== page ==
You're going to be talking here about new partnerships for Microsoft's MSN, Xbox Live and Mediaroom IPTV services that will provide more content to drive Microsoft's consumer entertainment strategy. Can you talk about what you needed to do -- on the technology side and on the business side -- to make these deals happen?
XBox Live is attracting virtually all the content people because of the volume we've got there, and they see this group of very engaged users spending a lot of hours and finding new media in that environment, so that's made it easy for us. Our announcement with NBC on the Olympics is about our innovations in Silverlight, where you can view interactive content, multiple video streams, so it's really a perfect match for the Olympics where you have all this different content and yet different people care about different parts of it.
As your consumer entertainment strategy comes to fruition, how will your business model change from what it has been in the past? Can you quantify goals for advertising-generated revenue?
We've seen good growth in our advertising revenue. That's an area where Google's the leader, and we need to be very innovative to drive the scale. A huge partnership with Viacom is helping us with that. We'll be signing up more partners around the world. Taking the advertising platform to scale is very valuable for things like the search property we offer.
We participate in a lot of business models. We have consumer software like games that you buy on a one-time basis. We have things that you can pay as a monthly fee, that we run up in our servers, as more of a service-type model. We have some software we give away for free. And so, ads are coming in as a big, strong component, but I don't see it replacing the others. We need all modalities to be strong.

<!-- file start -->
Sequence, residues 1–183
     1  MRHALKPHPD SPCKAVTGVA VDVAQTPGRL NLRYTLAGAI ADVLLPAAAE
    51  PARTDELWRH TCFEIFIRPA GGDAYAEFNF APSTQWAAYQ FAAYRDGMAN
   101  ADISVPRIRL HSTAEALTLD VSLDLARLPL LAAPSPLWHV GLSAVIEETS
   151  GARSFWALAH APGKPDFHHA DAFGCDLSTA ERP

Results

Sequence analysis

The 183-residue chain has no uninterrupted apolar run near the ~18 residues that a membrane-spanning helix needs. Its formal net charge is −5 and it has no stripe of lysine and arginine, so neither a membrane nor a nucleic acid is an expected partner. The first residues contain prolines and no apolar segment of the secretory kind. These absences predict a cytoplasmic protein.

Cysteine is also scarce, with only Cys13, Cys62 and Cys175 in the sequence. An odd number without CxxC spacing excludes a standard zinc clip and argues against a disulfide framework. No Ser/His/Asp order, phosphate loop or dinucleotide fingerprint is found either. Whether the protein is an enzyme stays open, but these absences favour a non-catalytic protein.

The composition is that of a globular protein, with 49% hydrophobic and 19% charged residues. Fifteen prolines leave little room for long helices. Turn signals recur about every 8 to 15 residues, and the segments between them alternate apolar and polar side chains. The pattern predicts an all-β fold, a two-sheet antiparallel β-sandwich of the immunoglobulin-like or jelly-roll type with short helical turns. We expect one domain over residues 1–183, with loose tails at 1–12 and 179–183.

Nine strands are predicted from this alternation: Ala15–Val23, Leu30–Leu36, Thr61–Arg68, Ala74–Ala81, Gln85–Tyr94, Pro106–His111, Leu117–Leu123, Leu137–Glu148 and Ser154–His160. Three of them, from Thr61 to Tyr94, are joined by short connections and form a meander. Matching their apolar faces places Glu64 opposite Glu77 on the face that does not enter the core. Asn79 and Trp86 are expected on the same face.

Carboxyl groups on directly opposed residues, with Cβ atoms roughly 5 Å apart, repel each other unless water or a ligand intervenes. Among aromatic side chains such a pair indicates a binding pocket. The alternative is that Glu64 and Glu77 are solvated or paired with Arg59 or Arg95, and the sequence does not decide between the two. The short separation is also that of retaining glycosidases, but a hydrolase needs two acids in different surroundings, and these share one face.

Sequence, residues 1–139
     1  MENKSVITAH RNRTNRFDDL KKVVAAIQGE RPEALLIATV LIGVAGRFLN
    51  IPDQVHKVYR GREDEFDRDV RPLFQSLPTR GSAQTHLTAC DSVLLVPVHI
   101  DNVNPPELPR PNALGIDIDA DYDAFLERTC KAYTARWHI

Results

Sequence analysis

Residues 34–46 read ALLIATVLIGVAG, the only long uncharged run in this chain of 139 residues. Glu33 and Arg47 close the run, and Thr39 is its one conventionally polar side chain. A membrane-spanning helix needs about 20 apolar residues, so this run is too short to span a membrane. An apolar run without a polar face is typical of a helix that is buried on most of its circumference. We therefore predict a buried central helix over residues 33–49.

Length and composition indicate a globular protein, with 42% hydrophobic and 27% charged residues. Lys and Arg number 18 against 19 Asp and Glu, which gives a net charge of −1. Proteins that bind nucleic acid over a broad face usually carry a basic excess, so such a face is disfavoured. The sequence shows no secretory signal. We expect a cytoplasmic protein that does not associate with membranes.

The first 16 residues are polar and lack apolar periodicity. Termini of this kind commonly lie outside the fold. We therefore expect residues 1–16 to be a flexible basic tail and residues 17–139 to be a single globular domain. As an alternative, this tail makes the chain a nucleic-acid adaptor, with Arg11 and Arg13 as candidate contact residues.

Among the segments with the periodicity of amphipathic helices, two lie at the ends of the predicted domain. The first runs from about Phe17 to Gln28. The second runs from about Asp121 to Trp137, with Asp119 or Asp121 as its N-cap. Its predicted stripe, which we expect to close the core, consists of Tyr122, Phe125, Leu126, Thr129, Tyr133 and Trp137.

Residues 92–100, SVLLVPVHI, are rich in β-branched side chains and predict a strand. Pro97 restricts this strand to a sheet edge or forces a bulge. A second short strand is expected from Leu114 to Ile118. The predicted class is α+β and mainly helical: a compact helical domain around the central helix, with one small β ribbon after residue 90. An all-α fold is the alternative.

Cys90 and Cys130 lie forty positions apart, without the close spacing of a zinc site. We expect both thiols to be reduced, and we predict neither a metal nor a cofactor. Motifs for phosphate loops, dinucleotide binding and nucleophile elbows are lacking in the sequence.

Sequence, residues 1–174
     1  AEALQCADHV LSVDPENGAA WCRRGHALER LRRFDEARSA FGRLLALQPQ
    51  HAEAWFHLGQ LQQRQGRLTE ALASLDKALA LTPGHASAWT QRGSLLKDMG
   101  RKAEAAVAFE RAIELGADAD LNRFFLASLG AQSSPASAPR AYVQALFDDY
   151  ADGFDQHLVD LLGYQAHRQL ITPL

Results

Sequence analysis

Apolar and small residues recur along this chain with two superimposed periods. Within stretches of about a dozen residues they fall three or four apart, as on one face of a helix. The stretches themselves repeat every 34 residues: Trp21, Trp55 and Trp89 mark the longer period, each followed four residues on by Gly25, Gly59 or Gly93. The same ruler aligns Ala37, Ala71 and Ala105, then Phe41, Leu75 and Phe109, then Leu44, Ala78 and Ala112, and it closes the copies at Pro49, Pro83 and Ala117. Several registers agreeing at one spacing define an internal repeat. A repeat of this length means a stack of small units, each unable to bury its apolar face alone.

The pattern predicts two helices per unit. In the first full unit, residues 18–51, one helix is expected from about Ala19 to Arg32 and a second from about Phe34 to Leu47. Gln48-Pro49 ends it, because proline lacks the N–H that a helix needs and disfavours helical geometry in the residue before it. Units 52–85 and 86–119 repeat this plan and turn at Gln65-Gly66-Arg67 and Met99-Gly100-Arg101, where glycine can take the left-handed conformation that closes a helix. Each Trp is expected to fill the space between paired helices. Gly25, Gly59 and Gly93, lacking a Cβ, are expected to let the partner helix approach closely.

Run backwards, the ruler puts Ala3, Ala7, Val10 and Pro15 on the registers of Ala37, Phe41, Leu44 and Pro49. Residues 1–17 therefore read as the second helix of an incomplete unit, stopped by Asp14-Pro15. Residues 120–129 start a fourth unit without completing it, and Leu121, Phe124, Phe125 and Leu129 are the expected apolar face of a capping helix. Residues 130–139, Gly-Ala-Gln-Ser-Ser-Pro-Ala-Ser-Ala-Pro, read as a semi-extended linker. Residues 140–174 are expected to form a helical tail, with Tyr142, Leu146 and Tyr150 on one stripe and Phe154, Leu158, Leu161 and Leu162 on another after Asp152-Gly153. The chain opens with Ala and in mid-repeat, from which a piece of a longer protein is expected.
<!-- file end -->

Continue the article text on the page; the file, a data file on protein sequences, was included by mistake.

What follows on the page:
In your philanthropic work, you've focused on fundamental health issues for the developing world. In the tech sector, there have been efforts such as the OLPC, and Microsoft's efforts to reduce prices in developing countries. But there's been criticism about these efforts. People have been saying, well, a US$200 laptop isn't going to do a kid much good if he doesn't live to age 5. With this in mind, what do you think technology companies -- that need to make profits -- can do to spur development in emerging markets?
Companies make their contribution by both giving some cash to broad areas but also by having their products in their area of expertise be tailored and donated to people who are poor. So in the case of Microsoft, we went and got involved in putting PCs in libraries. We went to Chile to put PCs in the libraries there, so by having a really robust machine connected to the Internet, going through the training, working with the government, getting all the pieces right -- we learned how to do that in the United States -- those projects were incredibly successful.
So while I admit for my foundation the top priority is health, Microsoft is about software. It's got a product, that's what the company knows. And that's where, in its activities around the world, its helping educators, it's helping kids who have curiosity, and I think that's fantastic for Microsoft to do that.
I'm taking the success that Microsoft had and putting tens of billions of that into the basic needs where breakthroughs can be made -- and there, we'll be using software. We'll be using mobile phones, we'll be doing data gathering, so we'll be using software as a tool to do it. I wish every company was doing as much as Microsoft is to take their expertise and look into that developing world and see what role they can play. We've had great impact, great success, and it helps us attract better employees. It makes our employees feel good because we were founded on the idea of empowerment. We're not just talking about it, we're out in over a hundred countries delivering it in a significant way.